Suiting your body: Size and Shape do make a difference
Most people just assume that the popular dreadnought shape is the one to get since bigger is supposed to be better. Many winds up being happy with their dreadnoughts but others find that the dreadnought shape is just too large for them to be comfortable with. You may find that a big guitar isn’t comfortable if you’re a small person overall or have short arms—although some small people seem to be able to make themselves comfortable with guitars anyway. Even the larger jumbos, some of which may have even broader lower bouts than a dreadnought, may be more comfortable because the waist is deeper so that the instrument sits lower in the lap. Less broad and less deep jumbos may be more comfortable still. Although the even smaller sizes are less popular these days and are harder to find, there’s a lot to be said for them. Not only are they comfy for smaller people, but they’re often just more downright congenial for just about every size of the person. They’re much friendlier to hold and often give you a much more satisfying sense of listening to yourself; the big guitars seem to project their sound more outward to the audience than to the ears of the player. There’s much to be said for the friendliness of small guitars, especially if you’re playing mostly for yourself.
Cutaways? Do you need a cutaway? Probably not. Most acoustic guitarists find they can get all of the music they need and want out of the first fourteen frets. Twelve, in fact. Cutaways are special devices for specialized lead guitarists whose styles demand them. You should probably keep away from them unless you know you’re going to need one, or unless the guitar you’re in love with just happens to have a cutaway anyway. A cutaway may take away more than it gives you. Building a cutaway is a big job that can easily bring an instrument into a new price bracket. Especially for beginners, the extra money may be better spent on a better-made, better-sounding, better-playing instrument instead.
Most forms of guitar ornamentation have functional origins. Bindings seal the edges of the top joints. Headstock inlays are used to proclaim the maker’s identity. Fingerboard inlays provide visual clues to help the fingers navigate up and down the frets. Though there are plenty of simple guitars—and beautiful ones at that—there are few absolutely plain ones without even a visually satisfying binding or rosette. But ornamentation can be very pleasing to those who enjoy it and admire the skills of fine woodworking and inlay carving. In particular, the craft of cutting and engraving mother-of-pearl and abalone has its own set of aesthetic conventions going back hundreds of years. If you have all the money in the world, you can even commission custom carving and inlay work. Some luthiers love to do ornamental work on their instruments, others do aftermarket work, and most of the high-quality factories have custom shops offering various ornamentation options. If you’re on a limited budget, though, it makes much more sense to make sound and playing features your first priority and forget about the fancy stuff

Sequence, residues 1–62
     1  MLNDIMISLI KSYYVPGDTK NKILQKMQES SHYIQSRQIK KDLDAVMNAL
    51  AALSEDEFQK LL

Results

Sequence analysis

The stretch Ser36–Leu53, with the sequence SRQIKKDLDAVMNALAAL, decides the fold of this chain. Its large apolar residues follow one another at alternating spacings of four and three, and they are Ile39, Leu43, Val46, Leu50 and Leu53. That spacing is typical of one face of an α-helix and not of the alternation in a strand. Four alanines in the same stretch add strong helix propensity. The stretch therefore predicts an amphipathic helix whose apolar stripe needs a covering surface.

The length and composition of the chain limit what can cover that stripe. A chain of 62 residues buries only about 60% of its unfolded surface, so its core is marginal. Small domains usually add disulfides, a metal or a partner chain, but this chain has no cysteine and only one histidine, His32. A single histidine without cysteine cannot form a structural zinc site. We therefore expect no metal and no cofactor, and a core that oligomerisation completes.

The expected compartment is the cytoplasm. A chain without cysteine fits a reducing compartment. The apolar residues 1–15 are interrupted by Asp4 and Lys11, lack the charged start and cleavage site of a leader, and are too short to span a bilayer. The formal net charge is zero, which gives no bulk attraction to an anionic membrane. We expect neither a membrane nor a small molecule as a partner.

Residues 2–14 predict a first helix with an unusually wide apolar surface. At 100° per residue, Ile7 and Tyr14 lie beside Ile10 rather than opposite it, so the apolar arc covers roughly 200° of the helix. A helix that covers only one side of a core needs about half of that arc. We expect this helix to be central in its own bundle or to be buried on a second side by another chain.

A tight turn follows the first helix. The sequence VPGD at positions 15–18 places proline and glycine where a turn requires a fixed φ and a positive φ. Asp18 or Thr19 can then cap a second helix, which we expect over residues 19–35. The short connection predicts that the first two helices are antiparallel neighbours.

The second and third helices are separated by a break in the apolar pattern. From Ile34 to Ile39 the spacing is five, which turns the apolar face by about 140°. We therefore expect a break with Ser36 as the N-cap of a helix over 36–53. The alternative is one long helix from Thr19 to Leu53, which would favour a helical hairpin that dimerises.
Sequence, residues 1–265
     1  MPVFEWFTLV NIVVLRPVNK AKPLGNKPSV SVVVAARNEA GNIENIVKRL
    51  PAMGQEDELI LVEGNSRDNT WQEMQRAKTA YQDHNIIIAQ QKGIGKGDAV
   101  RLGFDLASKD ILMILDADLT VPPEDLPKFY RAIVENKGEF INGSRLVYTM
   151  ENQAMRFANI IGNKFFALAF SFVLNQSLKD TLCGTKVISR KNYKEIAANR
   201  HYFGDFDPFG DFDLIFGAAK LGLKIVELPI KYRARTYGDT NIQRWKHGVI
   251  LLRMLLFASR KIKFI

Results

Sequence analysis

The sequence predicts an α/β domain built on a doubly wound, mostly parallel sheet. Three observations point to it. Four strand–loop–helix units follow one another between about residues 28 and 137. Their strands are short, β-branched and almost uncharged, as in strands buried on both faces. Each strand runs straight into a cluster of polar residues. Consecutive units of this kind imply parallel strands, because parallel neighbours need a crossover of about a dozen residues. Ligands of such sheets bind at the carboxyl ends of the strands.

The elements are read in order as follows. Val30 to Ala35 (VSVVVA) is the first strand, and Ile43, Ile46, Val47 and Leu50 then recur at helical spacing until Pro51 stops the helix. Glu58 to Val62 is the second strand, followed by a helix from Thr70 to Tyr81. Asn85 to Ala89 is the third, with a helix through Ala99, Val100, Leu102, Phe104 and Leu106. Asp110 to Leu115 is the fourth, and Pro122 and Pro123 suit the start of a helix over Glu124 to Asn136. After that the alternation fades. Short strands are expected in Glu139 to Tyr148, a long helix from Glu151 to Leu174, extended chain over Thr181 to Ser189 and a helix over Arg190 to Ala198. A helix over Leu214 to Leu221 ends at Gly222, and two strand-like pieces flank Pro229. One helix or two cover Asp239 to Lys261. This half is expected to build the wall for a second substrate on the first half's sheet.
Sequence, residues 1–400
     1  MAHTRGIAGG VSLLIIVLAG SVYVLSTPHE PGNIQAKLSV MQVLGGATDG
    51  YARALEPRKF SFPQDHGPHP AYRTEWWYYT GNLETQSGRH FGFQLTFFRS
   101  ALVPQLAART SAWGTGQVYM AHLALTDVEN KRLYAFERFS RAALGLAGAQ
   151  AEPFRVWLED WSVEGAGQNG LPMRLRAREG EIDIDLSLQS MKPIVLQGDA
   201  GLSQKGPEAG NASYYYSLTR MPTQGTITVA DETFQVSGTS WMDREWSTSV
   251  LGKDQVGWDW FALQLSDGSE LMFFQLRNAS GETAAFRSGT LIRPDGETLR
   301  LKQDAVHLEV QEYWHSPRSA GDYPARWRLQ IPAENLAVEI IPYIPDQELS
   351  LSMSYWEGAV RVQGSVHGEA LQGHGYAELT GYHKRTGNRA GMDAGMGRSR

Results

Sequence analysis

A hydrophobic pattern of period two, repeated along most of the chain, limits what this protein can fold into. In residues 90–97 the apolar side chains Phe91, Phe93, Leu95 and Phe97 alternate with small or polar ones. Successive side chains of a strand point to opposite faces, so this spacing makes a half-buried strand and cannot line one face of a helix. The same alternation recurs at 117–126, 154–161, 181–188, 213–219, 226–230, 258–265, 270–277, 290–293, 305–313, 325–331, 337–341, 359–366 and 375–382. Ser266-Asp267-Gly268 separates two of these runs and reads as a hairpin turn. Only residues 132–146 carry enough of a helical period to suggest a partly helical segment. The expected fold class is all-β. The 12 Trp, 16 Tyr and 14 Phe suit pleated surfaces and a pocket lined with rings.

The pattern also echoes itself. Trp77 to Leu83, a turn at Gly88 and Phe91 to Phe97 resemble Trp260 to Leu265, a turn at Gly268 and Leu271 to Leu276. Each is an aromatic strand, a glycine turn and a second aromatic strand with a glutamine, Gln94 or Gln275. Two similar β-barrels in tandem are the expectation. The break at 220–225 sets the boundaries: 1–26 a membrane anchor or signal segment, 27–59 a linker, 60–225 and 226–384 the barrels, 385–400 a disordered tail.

General Playing and Casual Styles
For all-around playing, self-accompanying country music, and other contemporary styles, most players do well with an auditorium- or jumbo-sized guitar or with a well-balanced dreadnought. The jumbos are particularly good for strumming chords; dreadnoughts are good for strumming chords with articulated bass notes and bass runs; auditorium or smaller sizes are good for fingerpicking.
Most casual players who are going to play a variety of songs and styles around the house wind up walking out of the music store with a dreadnought. But if versatility is your goal, consider the advantages of smaller guitars for comfort, a more balanced sound, and overall congeniality. Guitars in the auditorium-size range are fairly easy to come by in a number of styles and price brackets.
For punchy bluegrass playing, fiddle tunes, and old-time string-band music, a strong-sounding dreadnought is what most players prefer. You’ll have to make your own decision whether you prefer a more balanced instrument or one that really booms in the bass, depending on how you play; in any case, cutting power is what you’re looking for.